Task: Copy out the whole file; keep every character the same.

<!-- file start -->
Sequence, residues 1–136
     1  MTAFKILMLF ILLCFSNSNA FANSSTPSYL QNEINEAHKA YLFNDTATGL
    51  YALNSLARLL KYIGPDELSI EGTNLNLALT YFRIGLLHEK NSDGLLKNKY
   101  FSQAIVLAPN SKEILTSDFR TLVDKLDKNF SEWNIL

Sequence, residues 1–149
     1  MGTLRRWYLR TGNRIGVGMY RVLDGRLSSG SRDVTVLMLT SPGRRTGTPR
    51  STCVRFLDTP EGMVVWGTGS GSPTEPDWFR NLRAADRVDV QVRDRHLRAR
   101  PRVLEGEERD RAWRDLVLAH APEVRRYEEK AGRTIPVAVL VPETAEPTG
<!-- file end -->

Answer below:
Sequence, residues 1–136
     1  MTAFKILMLF ILLCFSNSNA FANSSTPSYL QNEINEAHKA YLFNDTATGL
    51  YALNSLARLL KYIGPDELSI EGTNLNLALT YFRIGLLHEK NSDGLLKNKY
   101  FSQAIVLAPN SKEILTSDFR TLVDKLDKNF SEWNIL

Sequence, residues 1–149
     1  MGTLRRWYLR TGNRIGVGMY RVLDGRLSSG SRDVTVLMLT SPGRRTGTPR
    51  STCVRFLDTP EGMVVWGTGS GSPTEPDWFR NLRAADRVDV QVRDRHLRAR
   101  PRVLEGEERD RAWRDLVLAH APEVRRYEEK AGRTIPVAVL VPETAEPTG